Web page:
The more the distance between Wi-Fi base and client is increased, the more data gets lost on the way between them. Thus it might be a good idea to install dual band extender. Basically, these devices transmitting on two bands can increase their reach by using different frequencies. It gets even better using crossband technology (transmitting on one band and receiving on the other). Is this installed, then your booster’s reach increases as well as its maximum speed.
2.7 Set-up With WPS
The shorthand symbol WPS informs you that the device is capable to set itself up automatically. This is very easy and especially convenient for laymen. However, a few minor mistakes can still happen. If you’ve got some expertise or maybe know a friend who does, then it’s a good idea to set up the booster manually – especially when you need the best possible signal quality.
Another nice trick to boost your signal’s strength can be this compromise: Many range extenders come with an extra LAN-port, which is a port for your network cable. If you’re not willing or able to wire your entire home, but you are willing to accept a direct line from base to booster (or from booster to terminal device), then this usually is a good way to go. It can also be helpful if some of the terminal devices are wired while others stay wireless. After all, the terminal devices have to share the available bandwidth.
3. How to Place a Wi-Fi Booster
The almost ideal place for a Wi-Fi extender is obvious: At half distance between base and client. Anyone wanting a more precise location can track down certain interference sources within their home with special signal strength determining apps on their smartphone or laptop. A signal strength display also comes with many boosters, but mostly they only work when the device is turned on and running.
Wood and metal weakens transmitting performance, walls and ceilings as well, of course. It is ideal to have as few obstacles as possible between router and booster. But generally speaking, and with all the three dimensional arithmetic: a booster offers a fast, simple and affordable solution, if your home’s Wi-Fi network is slow.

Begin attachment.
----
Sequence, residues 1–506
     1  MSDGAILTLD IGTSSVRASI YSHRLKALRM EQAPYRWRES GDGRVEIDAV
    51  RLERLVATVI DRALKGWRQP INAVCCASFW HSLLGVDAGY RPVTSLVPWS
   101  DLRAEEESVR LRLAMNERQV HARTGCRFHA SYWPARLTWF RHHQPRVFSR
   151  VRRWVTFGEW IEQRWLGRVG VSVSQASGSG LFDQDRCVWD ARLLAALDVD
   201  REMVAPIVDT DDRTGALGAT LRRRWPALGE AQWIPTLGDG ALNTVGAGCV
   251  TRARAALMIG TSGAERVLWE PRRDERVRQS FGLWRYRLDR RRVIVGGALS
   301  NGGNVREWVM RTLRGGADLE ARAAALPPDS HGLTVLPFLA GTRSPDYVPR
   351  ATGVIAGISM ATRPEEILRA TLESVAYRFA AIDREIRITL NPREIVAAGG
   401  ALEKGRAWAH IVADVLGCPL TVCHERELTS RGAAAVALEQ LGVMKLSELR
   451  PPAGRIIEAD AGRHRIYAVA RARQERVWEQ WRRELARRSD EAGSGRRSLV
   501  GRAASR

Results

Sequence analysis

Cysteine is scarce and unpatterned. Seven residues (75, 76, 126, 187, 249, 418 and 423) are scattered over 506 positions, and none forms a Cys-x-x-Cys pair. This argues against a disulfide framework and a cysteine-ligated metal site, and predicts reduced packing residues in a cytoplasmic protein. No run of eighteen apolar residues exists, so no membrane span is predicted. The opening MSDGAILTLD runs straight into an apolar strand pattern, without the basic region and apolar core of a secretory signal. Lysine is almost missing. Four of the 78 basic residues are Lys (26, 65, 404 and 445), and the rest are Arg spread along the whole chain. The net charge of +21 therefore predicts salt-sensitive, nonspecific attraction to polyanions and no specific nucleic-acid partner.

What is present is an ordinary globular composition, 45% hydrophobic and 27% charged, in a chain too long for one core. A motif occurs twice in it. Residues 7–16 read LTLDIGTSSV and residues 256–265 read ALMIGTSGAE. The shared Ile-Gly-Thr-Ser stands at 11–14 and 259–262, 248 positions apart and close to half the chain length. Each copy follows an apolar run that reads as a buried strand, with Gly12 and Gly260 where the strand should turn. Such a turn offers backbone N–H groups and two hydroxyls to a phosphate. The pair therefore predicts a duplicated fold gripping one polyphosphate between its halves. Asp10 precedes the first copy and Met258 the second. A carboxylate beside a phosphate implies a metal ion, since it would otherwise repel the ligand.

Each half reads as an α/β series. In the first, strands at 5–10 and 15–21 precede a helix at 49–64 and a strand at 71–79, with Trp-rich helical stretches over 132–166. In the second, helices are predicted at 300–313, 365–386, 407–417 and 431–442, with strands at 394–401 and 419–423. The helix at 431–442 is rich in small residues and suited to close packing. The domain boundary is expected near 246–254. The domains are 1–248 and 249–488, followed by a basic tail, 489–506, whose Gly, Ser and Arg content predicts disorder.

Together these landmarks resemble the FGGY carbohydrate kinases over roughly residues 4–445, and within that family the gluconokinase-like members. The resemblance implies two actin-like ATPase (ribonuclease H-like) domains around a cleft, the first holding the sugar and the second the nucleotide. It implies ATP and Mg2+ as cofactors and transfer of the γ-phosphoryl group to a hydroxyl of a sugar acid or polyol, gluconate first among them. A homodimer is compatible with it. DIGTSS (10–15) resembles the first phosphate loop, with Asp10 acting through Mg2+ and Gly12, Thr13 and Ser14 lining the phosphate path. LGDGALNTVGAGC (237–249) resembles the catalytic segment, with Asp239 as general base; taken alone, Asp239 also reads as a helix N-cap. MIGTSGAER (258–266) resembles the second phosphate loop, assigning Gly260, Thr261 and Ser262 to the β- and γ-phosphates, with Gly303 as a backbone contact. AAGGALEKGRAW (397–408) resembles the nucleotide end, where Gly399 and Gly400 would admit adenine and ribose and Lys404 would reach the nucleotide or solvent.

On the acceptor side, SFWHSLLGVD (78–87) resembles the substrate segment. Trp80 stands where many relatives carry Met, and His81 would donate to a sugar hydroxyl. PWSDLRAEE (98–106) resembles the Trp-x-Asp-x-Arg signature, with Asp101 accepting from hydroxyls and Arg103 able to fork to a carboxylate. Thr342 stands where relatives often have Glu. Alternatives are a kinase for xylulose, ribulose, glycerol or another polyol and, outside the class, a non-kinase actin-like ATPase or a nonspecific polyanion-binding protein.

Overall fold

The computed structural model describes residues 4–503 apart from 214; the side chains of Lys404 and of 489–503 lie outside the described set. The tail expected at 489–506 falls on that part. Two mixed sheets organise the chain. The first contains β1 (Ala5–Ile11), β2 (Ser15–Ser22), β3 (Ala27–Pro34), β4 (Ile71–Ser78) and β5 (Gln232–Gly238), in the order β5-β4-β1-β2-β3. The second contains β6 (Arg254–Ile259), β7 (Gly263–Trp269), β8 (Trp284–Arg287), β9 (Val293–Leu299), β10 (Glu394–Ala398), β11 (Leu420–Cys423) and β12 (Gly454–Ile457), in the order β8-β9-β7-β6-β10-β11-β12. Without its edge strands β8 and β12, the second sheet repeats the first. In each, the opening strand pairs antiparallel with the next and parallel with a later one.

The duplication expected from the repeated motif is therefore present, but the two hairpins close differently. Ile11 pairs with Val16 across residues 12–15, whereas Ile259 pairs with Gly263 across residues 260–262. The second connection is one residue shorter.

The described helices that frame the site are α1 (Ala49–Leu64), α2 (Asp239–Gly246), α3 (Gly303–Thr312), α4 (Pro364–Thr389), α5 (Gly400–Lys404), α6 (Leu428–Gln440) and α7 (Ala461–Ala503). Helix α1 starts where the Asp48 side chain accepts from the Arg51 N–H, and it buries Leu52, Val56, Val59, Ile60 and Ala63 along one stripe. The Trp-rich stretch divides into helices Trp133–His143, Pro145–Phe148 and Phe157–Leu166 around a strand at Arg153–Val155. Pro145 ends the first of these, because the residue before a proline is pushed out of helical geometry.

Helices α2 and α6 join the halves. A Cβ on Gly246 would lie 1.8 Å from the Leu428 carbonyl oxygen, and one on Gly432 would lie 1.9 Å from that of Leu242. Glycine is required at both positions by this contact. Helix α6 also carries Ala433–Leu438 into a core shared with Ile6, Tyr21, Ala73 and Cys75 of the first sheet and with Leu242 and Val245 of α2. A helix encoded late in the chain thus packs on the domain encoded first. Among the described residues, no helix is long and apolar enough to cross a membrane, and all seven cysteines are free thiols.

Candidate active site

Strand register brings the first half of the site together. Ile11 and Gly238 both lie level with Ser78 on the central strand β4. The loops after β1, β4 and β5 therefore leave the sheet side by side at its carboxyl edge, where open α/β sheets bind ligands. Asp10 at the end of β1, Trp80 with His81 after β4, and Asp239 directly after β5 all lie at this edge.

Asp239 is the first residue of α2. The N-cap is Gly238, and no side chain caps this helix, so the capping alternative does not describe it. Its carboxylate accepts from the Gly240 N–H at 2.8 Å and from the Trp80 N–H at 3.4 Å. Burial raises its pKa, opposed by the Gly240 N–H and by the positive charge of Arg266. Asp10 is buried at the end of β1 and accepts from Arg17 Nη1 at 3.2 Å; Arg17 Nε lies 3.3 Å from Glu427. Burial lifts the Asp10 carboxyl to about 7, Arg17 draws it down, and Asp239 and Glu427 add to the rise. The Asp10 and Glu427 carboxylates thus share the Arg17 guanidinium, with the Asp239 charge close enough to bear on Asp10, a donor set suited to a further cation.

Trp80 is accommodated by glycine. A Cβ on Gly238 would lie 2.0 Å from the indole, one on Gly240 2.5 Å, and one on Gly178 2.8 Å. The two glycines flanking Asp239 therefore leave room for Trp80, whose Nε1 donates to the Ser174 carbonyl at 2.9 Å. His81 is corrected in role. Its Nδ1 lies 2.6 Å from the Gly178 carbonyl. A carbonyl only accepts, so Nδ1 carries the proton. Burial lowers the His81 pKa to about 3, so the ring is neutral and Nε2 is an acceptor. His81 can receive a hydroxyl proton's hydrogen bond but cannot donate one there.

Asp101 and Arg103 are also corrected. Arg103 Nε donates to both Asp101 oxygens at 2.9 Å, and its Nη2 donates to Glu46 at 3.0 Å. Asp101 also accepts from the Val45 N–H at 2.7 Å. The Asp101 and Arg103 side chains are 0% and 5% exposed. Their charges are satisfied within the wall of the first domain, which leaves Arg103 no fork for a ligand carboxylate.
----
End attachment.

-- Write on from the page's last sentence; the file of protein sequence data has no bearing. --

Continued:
Advice: Test out different spots around your home with your smartphone or notebook to find the one spot with the best signal strength.
4. Tips to Improve Your Wi-Fi Signal
How did the internet change our world? It makes us read and check control displays all the time. Why is the data loading so slowly? Do the reception bars go stronger or weaker? Instead of giving up hope, you can actually do something about it. We’ve got a few easy-to-use tips and viable suggestions for you.
4.1 Install the Router in an Elevated Position
The positioning of the router is very important. Every user knows this. But there is more to consider than the distance between PC and router. It is preferable to install both in close proximity to one another, of course.
But a lot of spatial aspects affect your reception:
- In lots of cases, the router just stands on the floor. An elevated position would be better. As long as your sense of feng shui allows it, the router should be mounted on a wall.
- The direction of the antennas is important. If they are adjustable, they should point into the general direction of open space in the room, or downward, if the router is installed higher up on a wall.
- Other electronic devices in close proximity can interfere with the reception. Especially devices like cordless phones, baby monitors, or microwave ovens, even, should not be standing close to the router or between router and PC.
- Water pipes can also disrupt your reception – especially when the general 2.4 GHz frequency is being used.